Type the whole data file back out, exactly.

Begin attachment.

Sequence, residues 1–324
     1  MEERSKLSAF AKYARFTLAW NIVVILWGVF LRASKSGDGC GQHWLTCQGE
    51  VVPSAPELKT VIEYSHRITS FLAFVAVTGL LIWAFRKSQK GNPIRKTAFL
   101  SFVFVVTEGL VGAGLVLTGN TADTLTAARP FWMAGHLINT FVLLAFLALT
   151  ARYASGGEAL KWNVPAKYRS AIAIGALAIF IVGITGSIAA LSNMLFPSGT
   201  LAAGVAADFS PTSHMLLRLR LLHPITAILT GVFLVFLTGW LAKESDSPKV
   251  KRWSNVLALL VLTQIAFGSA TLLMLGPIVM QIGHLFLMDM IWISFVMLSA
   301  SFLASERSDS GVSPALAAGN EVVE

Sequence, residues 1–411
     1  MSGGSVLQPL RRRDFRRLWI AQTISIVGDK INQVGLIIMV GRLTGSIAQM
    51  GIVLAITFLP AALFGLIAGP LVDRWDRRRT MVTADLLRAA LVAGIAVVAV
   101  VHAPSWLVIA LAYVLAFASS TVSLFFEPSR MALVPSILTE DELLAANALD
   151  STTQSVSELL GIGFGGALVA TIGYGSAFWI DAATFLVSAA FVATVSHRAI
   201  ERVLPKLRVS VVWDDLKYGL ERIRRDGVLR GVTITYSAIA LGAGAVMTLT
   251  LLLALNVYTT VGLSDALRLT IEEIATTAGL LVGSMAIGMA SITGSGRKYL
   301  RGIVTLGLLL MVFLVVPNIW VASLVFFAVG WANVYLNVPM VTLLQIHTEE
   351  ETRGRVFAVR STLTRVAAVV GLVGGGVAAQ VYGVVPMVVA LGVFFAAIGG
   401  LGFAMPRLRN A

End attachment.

Sequence, residues 1–324
     1  MEERSKLSAF AKYARFTLAW NIVVILWGVF LRASKSGDGC GQHWLTCQGE
    51  VVPSAPELKT VIEYSHRITS FLAFVAVTGL LIWAFRKSQK GNPIRKTAFL
   101  SFVFVVTEGL VGAGLVLTGN TADTLTAARP FWMAGHLINT FVLLAFLALT
   151  ARYASGGEAL KWNVPAKYRS AIAIGALAIF IVGITGSIAA LSNMLFPSGT
   201  LAAGVAADFS PTSHMLLRLR LLHPITAILT GVFLVFLTGW LAKESDSPKV
   251  KRWSNVLALL VLTQIAFGSA TLLMLGPIVM QIGHLFLMDM IWISFVMLSA
   301  SFLASERSDS GVSPALAAGN EVVE

Sequence, residues 1–411
     1  MSGGSVLQPL RRRDFRRLWI AQTISIVGDK INQVGLIIMV GRLTGSIAQM
    51  GIVLAITFLP AALFGLIAGP LVDRWDRRRT MVTADLLRAA LVAGIAVVAV
   101  VHAPSWLVIA LAYVLAFASS TVSLFFEPSR MALVPSILTE DELLAANALD
   151  STTQSVSELL GIGFGGALVA TIGYGSAFWI DAATFLVSAA FVATVSHRAI
   201  ERVLPKLRVS VVWDDLKYGL ERIRRDGVLR GVTITYSAIA LGAGAVMTLT
   251  LLLALNVYTT VGLSDALRLT IEEIATTAGL LVGSMAIGMA SITGSGRKYL
   301  RGIVTLGLLL MVFLVVPNIW VASLVFFAVG WANVYLNVPM VTLLQIHTEE
   351  ETRGRVFAVR STLTRVAAVV GLVGGGVAAQ VYGVVPMVVA LGVFFAAIGG
   401  LGFAMPRLRN A